The barn is comprised of a hand-hewn frame, the pieces of which were no doubt processed with axes directly on-site.  Generally, most barns found in our area dating before the Civil War are comprised of hand-hewn frames.  Standardized, sawn timber became increasingly available as the railroads linked the nation.  But barn builders still had to weigh the cost of purchasing sawn timbers against the labor of providing their own directly from the forest.

A local mill usually sawed boards for early buildings, and the Temperance Barn is no exception. The barn is clad with cedar shingles today, but the original siding would have been the very boarding itself. Nails were expensive items and siding used plenty of them. Early barns such as this have wall boards applied vertically. This economic approach does not require extra wall studding and vertical boards naturally drain water. However the boards were typically put on fresh, or green, and the resulting shrinkage left a barn pretty drafty.  Some barn owners got around this by installing battens, either interior or exterior, over the joints.  But the Temperance barn is unique: the boards—measuring 18 to 20 inches wide and attached with old square cut nails—are tongue-and-grooved.  This is unusual for the period; such a labor-intensive detail would have been fashioned by hand with a special cutting plane. It speaks to the prominence of the early families who lived here.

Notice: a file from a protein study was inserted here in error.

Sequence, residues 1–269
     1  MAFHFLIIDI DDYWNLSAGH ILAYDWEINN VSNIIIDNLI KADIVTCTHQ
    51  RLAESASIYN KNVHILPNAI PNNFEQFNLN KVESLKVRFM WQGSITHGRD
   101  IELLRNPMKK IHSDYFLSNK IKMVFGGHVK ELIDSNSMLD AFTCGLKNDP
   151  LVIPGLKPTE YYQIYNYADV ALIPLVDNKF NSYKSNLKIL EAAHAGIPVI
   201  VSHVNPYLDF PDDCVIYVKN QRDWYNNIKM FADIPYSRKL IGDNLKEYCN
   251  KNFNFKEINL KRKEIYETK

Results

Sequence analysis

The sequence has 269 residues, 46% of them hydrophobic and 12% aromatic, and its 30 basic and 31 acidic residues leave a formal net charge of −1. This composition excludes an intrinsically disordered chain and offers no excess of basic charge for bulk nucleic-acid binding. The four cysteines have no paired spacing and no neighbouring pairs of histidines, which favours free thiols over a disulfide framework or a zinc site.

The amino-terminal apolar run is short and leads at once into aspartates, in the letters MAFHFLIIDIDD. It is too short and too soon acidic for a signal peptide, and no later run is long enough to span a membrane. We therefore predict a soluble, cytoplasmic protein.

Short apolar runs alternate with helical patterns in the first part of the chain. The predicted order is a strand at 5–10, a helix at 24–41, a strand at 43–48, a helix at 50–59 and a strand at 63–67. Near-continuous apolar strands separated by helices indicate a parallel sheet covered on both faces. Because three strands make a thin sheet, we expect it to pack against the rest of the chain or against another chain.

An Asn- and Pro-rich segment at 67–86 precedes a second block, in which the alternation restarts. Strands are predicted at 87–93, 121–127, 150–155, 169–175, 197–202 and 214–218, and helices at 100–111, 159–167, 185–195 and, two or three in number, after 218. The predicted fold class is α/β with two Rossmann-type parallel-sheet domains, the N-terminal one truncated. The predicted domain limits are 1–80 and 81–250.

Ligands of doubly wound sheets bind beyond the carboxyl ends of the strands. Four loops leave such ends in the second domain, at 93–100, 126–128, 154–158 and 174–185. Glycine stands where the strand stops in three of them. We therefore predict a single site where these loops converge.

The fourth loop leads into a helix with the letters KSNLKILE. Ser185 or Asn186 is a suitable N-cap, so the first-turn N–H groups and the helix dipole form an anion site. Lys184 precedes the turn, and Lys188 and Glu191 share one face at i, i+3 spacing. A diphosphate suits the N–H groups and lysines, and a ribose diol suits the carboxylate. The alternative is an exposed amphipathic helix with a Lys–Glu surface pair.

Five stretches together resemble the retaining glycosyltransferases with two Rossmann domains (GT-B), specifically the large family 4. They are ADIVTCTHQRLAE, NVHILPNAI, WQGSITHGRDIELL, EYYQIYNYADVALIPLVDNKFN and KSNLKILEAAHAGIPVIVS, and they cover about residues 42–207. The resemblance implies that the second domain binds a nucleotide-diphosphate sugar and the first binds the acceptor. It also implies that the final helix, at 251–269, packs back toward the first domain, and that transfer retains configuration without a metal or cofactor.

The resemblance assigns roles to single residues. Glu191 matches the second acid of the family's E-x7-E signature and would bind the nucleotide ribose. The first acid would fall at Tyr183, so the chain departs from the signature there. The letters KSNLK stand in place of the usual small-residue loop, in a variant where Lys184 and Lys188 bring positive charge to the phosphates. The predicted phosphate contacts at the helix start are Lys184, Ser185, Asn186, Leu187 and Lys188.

The style of this barn, which measures 40-by-60 feet, is what's technically referred to as a "New England Barn." Its main entry doors are on each gable end, with a center aisle running the entire length of the building.  As its name indicates, this style came about after the English had lived here a few generations.  "English Barns" were smaller in size and had the main entrance doors along an eaves wall. The buildings were often used for threshing wheat and the farmer liked the wind to blow through the shortest dimension of the building for this operation.  In fact, the term "threshold" is taken directly from barn history. The threshold was an actual board that “held” the heavier wheat that fell to the floor while the wind carried the lighter chaff away.

When the English settlers came here to New England raising livestock became increasingly popular. Before dairy came on the scene in a big way, sheep were the common animal raised. Raising larger and greater numbers of animals, and the harsh winters, soon illuminated the shortcomings of their traditional English barn design.